Seventh-day Adventist Yearbook. Various years. https://www.adventistyearbook.org/.

Sprohge, Joh. “Die erste Versammlung der Baltischen Vereinigung.” Zions-Wächter, December 2, 1907.

Notes

  1. For period and territory, see the present article. For other statistics, see Annual Statistical Report (Washington, D.C.: General Conference of Seventh-day Adventists, 1915), 6.

  2. On the meeting, see Ludwig R. Conradi, “Reise-Erfahrungen,” Zions-Wächter, December 2, 1907, 394; Joh. Sprohge, “Die erste Versammlung der Baltischen Vereinigung,” Zions-Wächter, December 2, 1907, 400–401.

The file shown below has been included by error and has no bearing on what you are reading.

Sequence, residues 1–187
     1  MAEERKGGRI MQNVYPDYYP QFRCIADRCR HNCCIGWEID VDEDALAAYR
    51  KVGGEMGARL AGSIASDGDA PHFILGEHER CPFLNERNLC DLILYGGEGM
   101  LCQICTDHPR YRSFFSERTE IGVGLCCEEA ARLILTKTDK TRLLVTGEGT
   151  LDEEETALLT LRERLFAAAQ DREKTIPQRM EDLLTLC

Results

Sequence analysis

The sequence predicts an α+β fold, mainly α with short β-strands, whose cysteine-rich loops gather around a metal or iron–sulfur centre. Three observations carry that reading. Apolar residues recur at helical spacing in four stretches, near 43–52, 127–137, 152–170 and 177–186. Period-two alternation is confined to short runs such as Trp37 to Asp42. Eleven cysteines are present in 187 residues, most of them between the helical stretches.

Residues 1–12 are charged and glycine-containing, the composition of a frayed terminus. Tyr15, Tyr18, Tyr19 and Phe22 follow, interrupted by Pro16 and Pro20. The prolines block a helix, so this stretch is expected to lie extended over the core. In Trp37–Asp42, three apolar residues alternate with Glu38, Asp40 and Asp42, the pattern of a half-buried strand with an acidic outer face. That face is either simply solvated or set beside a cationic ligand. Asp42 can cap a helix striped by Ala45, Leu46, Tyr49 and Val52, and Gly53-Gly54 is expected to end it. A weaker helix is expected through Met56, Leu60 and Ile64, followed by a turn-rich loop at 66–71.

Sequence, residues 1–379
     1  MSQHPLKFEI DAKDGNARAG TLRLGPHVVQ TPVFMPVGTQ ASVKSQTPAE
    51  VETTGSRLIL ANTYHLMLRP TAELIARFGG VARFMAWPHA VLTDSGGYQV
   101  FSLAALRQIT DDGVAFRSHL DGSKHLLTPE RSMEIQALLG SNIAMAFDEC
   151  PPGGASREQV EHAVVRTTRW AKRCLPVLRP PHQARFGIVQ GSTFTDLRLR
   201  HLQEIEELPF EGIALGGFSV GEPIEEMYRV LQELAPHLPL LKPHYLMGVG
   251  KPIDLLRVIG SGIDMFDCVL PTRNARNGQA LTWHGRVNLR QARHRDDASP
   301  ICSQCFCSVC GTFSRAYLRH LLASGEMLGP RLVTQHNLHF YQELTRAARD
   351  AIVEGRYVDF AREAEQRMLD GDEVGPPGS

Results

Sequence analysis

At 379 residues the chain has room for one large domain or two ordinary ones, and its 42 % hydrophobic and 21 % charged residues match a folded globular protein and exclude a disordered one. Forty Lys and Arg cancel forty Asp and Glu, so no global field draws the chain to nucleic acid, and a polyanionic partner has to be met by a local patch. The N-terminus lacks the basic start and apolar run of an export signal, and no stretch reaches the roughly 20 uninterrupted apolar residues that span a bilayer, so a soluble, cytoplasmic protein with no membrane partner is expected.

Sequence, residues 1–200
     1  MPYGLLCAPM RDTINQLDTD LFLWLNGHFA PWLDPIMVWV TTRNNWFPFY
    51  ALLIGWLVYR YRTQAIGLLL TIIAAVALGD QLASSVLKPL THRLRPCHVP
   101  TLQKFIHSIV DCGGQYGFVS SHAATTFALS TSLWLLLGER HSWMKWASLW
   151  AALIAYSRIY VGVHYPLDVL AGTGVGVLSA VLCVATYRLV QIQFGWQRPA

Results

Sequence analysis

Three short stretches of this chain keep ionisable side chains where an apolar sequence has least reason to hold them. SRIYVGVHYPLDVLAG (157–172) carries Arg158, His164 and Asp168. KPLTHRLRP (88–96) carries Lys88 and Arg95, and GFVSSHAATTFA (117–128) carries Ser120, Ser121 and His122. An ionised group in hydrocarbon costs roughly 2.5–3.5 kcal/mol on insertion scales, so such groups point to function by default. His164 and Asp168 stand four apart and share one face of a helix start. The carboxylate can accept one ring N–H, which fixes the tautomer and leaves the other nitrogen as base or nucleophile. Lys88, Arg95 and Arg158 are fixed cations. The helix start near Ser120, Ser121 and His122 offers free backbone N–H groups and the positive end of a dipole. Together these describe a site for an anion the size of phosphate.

3. Joh. Sprohge, “Die erste Versammlung der Baltischen Vereinigung,” Zions-Wächter, December 2, 1907, 400–401; “Baltic Conference,” Seventh-day Adventist Yearbook (Washington, D.C.: Review and Herald, 1908), 111; “Middle Russian Mission” and “North Russian Mission,” Seventh-day Adventist Yearbook (Washington, D.C.: Review and Herald, 1907), 83.

  4. For initial members and officers, see Joh. Sprohge, “Die erste Versammlung der Baltischen Vereinigung,” Zions-Wächter, December 2, 1907, 401.

  5. Joh. Sprohge, “Die erste Versammlung der Baltischen Vereinigung,” Zions-Wächter, December 2, 1907, 401.

  6. “Russian Union District,” Seventh-day Adventist Yearbook (Washington, D.C.: Review and Herald, 1911), 106.

  7. P. Brandt, “Ausschuß-Sitzung der Baltischen Vereinigung,” Zions-Wächter, March 18, 1912, 129; Ludwig R. Conradi, “New Developments in Eastern Europe,” ARH, July 4, 1912, 11–12.